- ‘Startup friendly’ workspaces – It is highly valuable for startups to co-work. This enables them to share ideas and resources. However, it pays to remember that property people will squeeze the greatest possible revenue from every square foot of of office space. Most co-working spaces in London are unsuitable for pre-funded startups. Check the small print as they either offer relatively high desk rental or unrealistic fair usage rules. It may be far more practical to camp out in the office of a more mature startup.

- Consultants dressed up as investors – Check on who is offering you advice at networking events. If they claim to be an investor ask how much they are able to invest and give examples of past investments. If they offer a coffee to discuss your startup, check their linkedin profile before agreeing, otherwise you will find that they will next ask for fees.

- Unsuitable Accelerator Programs - Y-combinator and Techstars have both had a positive impact on the startup scene. In the right circumstances accelerators can still be useful. However, look carefully at their terms and success record and choose one that has successfully secured high levels of funding for their cohorts.

- Tech conferences – The big tech conferences are aimed at corporate folk with plenty of cash to pay the entry fee. They try to lure startups with the promise that they will meet investors. If you can afford $2000 to watch Mark Zuckerberg then go ahead but if you expect to meet investors for your early stage startup, think again.

- PR agencies - These are rarely a good idea for startups before they are ready to scale and have significant investment. Agencies will not link their fees to performance. Paying a monthly retainer with little chance of success is a bad idea.

There are a lot of well-meaning supporters in the startup eco-system but do remember that everyone has their own motive for helping. The good guys will defer their fees until the startup starts to achieve success or even provide sponsorship. Make use of free resources and bootstrap like crazy until you are sure you are ready to scale.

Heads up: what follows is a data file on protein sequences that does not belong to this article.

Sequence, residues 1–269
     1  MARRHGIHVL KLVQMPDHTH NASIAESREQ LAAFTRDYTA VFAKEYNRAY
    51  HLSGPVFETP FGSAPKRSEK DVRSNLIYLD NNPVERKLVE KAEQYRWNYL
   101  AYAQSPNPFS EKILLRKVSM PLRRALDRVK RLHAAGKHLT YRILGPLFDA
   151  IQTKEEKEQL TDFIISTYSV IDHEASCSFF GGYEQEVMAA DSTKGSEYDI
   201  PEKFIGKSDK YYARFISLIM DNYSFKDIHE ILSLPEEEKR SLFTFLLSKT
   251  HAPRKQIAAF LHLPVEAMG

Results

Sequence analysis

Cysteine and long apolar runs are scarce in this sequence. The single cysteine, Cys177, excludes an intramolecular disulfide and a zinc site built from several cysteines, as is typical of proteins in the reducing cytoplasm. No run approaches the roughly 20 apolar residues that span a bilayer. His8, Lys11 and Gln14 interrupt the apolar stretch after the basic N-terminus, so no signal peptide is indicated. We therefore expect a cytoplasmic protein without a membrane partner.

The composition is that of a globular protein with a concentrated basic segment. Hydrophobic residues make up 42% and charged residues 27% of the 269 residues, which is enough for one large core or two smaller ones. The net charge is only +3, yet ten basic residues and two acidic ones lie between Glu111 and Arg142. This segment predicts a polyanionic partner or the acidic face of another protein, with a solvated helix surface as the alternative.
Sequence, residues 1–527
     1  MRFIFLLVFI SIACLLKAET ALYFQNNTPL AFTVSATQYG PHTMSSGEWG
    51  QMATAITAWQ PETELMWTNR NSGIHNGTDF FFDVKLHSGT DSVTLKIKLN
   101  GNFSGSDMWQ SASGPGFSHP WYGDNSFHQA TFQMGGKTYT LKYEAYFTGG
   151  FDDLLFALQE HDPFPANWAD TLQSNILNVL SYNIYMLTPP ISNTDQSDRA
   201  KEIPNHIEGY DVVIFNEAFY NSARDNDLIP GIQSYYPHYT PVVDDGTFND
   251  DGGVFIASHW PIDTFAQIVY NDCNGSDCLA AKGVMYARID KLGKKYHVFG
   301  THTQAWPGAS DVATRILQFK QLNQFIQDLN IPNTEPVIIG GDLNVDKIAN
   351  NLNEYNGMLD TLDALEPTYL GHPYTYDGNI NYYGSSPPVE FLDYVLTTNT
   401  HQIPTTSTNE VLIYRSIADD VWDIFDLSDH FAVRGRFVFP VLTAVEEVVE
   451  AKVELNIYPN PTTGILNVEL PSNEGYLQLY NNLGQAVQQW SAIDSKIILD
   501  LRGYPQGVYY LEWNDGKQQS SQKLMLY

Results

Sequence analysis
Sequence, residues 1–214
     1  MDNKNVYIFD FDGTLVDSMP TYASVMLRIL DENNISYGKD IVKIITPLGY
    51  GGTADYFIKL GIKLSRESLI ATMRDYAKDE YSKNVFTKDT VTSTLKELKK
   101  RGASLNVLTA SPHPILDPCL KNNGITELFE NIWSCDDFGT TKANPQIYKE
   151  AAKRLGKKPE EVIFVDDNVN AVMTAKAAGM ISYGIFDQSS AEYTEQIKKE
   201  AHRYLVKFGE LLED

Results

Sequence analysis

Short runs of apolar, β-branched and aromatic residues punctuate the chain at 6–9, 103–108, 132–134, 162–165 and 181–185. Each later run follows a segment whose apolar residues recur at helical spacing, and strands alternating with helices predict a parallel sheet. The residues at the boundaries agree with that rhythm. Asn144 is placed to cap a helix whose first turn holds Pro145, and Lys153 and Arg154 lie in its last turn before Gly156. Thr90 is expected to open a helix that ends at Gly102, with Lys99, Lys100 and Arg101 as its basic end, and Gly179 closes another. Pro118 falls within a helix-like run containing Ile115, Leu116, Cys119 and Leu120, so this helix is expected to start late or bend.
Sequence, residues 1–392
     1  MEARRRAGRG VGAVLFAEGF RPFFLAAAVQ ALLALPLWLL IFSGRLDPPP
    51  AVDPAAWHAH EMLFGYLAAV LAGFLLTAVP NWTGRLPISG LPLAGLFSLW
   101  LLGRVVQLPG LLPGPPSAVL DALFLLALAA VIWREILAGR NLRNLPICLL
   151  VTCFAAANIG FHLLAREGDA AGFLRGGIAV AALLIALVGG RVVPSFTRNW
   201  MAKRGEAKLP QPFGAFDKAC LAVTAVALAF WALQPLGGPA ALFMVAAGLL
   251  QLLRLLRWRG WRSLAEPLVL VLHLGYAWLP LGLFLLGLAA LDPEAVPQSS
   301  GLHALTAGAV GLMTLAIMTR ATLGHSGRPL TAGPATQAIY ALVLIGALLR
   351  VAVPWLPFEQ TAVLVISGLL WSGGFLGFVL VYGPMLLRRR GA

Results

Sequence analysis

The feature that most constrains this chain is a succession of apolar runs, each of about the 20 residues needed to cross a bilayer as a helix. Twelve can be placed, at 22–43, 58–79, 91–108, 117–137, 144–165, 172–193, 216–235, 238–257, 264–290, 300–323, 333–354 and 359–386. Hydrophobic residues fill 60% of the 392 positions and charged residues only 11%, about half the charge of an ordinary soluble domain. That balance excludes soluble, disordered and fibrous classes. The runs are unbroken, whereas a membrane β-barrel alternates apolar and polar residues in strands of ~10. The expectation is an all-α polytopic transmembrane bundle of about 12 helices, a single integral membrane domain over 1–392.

Blog by Paul Dowling – Co-Founder of Dreamstake  an online tech startup platform that matches founders with the most appropriate investors. The unique startup rating system allows entrepreneurs and investors to monitor startup progress and inject capital and support when it will make the most impact.

 

 

There is little doubt that there is a greater availability of seed capital than ever before.  Although it is tempting to access low level funding through crowd-funding and accelerator programs, does it really make sense? If you are building a high potential tech startup it is important to aim for the best funding solution possible because it will have a real impact on future success. VC’s and other smart investors have responded to greater competition for quality deal-flow and will now get involved at an earlier stage than previously so as not to miss out. Don’t assume that crowd-funding and accelerators are the only options.

Here are a few ideas to think about;

- Rather than take a half baked idea onto a crowd-funding platform in the hope of attracting naive investors, obsess on nailing the proposition and make it attractive to smart investors. No-one knows the impact that equity-based crowd-funding will have on later funding rounds but my guess is that the best startups won’t take this route.

- Think carefully before going onto an accelerator program. Can it really accelerate your launch or does it just add 14 weeks? Many accelerators take too much equity in return for a very small amount of funding. Be aware that you may come out of the accelerator with less equity and no follow-on funding.

- Be cautious of paying up front for contacts. Pay-to-pitch is a rip-off and the big tech conferences are simply expensive pay-to-pitch events.

- Don’t assume that corporate money is always a good thing. The large firms sitting behind various programs are not looking to help you disrupt their business models. Although it can be good to get early revenues from corporate clients, be sure that they don’t come with too many strings attached.